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ANTONINO TUTTOLOMONDO

Effects of clinical and laboratory variables at admission and of in-hospital treatment with cardiovascular drugs on short term prognosis of ischemic stroke. The GIFA study at admission and of in-hospital treatment with cardiovascular drugs on short term prognosis of ischemic stroke. The GIFA study.

  • Autori: Tuttolomondo, A.; DI RAIMONDO, D.; Di Sciacca, R.; Pedone, C.; La Placa, S.; Arnao, V.; Pinto, A.; Licata, G.
  • Anno di pubblicazione: 2013
  • Tipologia: Articolo in rivista (Articolo in rivista)
  • OA Link: http://hdl.handle.net/10447/100428

Abstract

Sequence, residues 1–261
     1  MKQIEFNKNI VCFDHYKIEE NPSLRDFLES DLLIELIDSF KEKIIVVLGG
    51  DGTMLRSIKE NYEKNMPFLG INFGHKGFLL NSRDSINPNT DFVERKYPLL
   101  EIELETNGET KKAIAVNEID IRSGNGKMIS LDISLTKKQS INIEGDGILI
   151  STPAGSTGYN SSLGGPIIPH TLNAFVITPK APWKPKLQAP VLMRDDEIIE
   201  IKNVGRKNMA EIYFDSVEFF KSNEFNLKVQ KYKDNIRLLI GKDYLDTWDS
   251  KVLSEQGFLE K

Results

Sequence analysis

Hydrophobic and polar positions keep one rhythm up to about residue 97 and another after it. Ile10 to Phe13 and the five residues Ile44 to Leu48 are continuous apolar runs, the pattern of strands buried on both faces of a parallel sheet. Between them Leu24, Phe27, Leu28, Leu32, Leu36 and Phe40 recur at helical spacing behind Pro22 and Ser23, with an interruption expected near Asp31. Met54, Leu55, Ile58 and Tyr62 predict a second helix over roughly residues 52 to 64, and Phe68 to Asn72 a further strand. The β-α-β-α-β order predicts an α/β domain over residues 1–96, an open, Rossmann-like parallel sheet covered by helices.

INTRODUCTION: No information exists, to our knowledge, about the possible role of cardiovascular drug administration in the acute phase of ischemic stroke and possible effects on stroke outcome. The aim of our study was to evaluate the relationship between in-hospital treatment with cardiovascular drugs in patients with acute ischemic stroke and some outcome indicators. METHODS AND RESULTS: 1096 subjects enrolled in the GIFA study, who had a main discharge diagnosis of ischemic stroke represent the final sample. Drugs considered for the analysis were the following: ACE-inhibitors (ACEI), angiotensin II receptor blockers (ARBs), statins, calcium-channel-blockers (CCBs), antiplatelet (APL) drugs, antivitamin-k (VKAs), and heparins. As outcome indicators we choose in-hospital mortality, cognitive function evaluated by Hodkinson Abbreviated Mental Test (HAMT), and functional status evaluated by activity daily living (ADL). Indicators of a good outcome were: no in-hospital mortality, HAMT >6 and 0 ADL impaired. Patients with a good outcome showed a higher rate of in-hospital treatment with ACE-inhibitors, calcium-channel blockers and a lower rate of pre-treatment with heparin. CONCLUSIONS: Our study suggests that if a patient with acute ischemic stroke has higher SBP at admission, higher total cholesterol plasma levels, a lower Charlson index and is treated with ACE-inhibitors, calcium channel blockers and antiplatelet drugs, the short term outcome is better in terms of in-hospital mortality and functional indicators such as cognitive and functional performance at discharge.